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The Adirondacks

You’re sending the kids to summer camp in the Adirondacks. Remember summer camp? Color war, capture the flag, the girls across the lake . . . But wait, if you’re dropping off the kids, that means you and your wife are on your own. In the Adirondacks!

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Top floor bedroom suite of the Point's Boathouse.  

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Kids aren’t the only ones who get to have fun in the woods: Vanderbilts, Roosevelts, and the like started setting up their own Great Camps in the Adirondacks at the turn of the last century, and the extravagant former Rockefeller estate is now the five-star, eleven-room resort the Point, where a small fortune (the cheapest room goes for $1,250) buys you service unsurpassed by any hotel in the world and the ultimate summer-camp experience for adults.

You want sports? On the hilly lakefront grounds, you’ll have unlimited access to rowboats, speedboats, canoes, sea kayaks, and windsurf boards; nearby, you can hike, ride horses, play golf and tennis, or bomb downhill on mountain bikes. Want to learn to fly-fish? A local guide will take you to a stocked pond. Want to go water-skiing? A staff member will spin you around the lake. Too stressful? Try croquet, badminton, or horseshoes.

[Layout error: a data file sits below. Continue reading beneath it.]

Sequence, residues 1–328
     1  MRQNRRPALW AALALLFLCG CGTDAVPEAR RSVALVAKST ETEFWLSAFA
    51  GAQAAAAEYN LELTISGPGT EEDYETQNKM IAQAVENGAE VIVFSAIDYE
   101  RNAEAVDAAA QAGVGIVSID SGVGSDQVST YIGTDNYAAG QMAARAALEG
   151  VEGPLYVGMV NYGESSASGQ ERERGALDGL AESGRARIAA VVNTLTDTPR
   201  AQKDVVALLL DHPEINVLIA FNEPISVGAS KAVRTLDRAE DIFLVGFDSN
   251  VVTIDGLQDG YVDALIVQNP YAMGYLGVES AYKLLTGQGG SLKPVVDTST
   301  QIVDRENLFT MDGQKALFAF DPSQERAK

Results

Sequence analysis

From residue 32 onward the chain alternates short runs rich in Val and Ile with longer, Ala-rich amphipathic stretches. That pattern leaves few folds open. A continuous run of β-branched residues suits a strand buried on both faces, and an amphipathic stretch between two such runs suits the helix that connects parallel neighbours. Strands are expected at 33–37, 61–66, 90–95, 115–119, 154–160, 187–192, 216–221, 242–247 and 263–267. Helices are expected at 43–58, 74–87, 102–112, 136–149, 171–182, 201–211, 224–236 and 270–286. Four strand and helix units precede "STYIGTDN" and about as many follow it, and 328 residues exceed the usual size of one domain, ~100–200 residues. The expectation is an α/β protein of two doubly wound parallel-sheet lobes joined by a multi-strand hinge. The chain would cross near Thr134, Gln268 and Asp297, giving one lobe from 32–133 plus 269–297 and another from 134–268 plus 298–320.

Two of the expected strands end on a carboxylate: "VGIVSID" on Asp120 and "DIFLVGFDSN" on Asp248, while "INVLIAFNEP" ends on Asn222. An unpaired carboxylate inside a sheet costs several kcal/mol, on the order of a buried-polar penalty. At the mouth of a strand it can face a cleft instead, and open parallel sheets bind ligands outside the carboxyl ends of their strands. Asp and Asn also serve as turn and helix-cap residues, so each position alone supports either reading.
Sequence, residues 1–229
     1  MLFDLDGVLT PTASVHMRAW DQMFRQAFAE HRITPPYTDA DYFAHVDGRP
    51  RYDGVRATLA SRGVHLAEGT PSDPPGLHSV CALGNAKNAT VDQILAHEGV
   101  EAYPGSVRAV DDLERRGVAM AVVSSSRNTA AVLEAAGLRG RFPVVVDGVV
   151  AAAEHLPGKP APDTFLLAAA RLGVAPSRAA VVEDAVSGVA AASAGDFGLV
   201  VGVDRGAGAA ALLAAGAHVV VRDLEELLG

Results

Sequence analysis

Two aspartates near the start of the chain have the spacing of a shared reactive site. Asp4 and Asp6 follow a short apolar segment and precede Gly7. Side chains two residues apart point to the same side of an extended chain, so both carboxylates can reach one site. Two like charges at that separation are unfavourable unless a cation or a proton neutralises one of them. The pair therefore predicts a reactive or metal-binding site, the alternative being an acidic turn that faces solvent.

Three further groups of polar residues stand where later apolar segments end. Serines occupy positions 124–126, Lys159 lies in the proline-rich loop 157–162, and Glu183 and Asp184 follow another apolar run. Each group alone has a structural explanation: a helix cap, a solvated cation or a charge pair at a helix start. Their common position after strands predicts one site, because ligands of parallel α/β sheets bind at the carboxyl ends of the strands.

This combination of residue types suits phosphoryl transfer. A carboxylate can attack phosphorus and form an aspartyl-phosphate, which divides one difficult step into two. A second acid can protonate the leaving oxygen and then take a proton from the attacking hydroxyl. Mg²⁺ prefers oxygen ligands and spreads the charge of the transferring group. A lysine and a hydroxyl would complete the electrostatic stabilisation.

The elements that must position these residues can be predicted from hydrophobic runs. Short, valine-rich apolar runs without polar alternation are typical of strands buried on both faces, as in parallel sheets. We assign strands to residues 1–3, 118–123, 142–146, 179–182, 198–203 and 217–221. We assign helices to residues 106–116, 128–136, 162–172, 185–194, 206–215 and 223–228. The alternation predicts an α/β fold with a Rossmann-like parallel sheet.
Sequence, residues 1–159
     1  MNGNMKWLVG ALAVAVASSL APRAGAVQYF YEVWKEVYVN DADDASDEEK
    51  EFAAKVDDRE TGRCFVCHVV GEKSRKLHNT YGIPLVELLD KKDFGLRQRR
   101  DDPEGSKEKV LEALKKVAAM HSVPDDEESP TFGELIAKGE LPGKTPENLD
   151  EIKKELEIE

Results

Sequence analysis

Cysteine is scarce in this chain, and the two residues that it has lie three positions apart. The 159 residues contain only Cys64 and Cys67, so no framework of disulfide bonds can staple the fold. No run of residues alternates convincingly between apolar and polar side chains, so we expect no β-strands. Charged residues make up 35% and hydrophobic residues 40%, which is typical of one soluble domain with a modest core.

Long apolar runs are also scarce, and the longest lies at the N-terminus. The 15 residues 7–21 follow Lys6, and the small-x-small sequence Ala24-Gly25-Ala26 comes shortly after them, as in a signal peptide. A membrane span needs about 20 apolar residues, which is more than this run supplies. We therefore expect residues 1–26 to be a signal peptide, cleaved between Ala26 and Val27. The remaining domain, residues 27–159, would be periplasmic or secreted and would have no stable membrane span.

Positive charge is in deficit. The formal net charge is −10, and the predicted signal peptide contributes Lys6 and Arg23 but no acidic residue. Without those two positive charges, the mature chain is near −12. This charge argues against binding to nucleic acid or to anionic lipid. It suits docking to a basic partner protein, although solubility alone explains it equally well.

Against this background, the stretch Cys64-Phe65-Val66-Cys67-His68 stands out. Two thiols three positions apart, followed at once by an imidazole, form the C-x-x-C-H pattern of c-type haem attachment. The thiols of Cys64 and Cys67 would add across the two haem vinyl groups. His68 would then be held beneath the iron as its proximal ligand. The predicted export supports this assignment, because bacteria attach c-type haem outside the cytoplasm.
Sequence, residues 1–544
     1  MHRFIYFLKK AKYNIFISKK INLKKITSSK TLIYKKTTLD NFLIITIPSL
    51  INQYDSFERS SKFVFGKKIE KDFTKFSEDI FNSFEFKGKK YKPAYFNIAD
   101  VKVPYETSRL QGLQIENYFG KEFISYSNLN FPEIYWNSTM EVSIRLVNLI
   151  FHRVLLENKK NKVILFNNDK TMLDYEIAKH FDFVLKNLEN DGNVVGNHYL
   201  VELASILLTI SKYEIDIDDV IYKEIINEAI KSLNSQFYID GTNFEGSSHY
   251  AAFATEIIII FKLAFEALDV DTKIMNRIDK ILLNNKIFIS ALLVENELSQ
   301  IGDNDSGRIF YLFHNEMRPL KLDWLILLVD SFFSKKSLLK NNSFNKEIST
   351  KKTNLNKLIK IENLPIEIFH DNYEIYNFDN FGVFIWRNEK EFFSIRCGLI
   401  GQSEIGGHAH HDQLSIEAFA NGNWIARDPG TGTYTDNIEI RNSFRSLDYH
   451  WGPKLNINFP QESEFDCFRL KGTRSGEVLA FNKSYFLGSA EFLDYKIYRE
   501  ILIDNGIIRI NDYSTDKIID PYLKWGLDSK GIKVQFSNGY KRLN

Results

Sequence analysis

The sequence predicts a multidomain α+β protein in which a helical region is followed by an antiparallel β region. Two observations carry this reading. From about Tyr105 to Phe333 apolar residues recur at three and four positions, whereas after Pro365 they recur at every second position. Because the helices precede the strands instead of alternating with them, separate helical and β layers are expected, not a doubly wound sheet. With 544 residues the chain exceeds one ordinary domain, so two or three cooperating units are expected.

Perhaps you’d like a picnic to take with you on an afternoon hike. The chef will prepare a basket of sandwiches (egg salad, roast beef, smoked turkey) on home-baked bread, along with ripe French cheeses, made-to-order salads, wine, and fruit tartlets for dessert. Formal, communal dinners are served promptly at 8 p.m. in the Great Hall, where an impressive collection of game trophies looks down over massive oak tables and a blazing fire. A warm asparagus salad might be followed by glazed monkfish, a spring lamb with ratatouille, and a peach soufflé.

The bunks? Though each of the eleven rooms is different—one has a bed fashioned from tree trunks while another features floor-to-ceiling windows with views of the lake—all are appointed with chiseled-stone fireplaces, squishy sofas, vaulted ceilings, hand-knotted rugs, and fluffy featherbeds.

On a three-day visit last summer, my boyfriend and I swam, shot skeet, and polished off a bottle of Möet while learning to play croquet. We feasted on lobster-salad sandwiches for lunch and roast sea bass and rack of lamb for dinner, and spent our evenings making s’mores by the bonfire, playing backgammon, shooting pool, and snuggling under a thick chenille blanket in front of the fire in our room.

When it came time to leave, we discovered a neatly wrapped box in the back seat of our car: a snack (mini-sandwiches, chips, cookies, fruit) for the drive home. Those bottles of water in the cupholders? They were from the Point, too. And yes, they had filled our gas tank. Whatever you want, whenever you want it. Just like camp—if you were a Rockefeller.

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DETAILS
The Point (800-255-3530; thepointresort.com; from $1,250).


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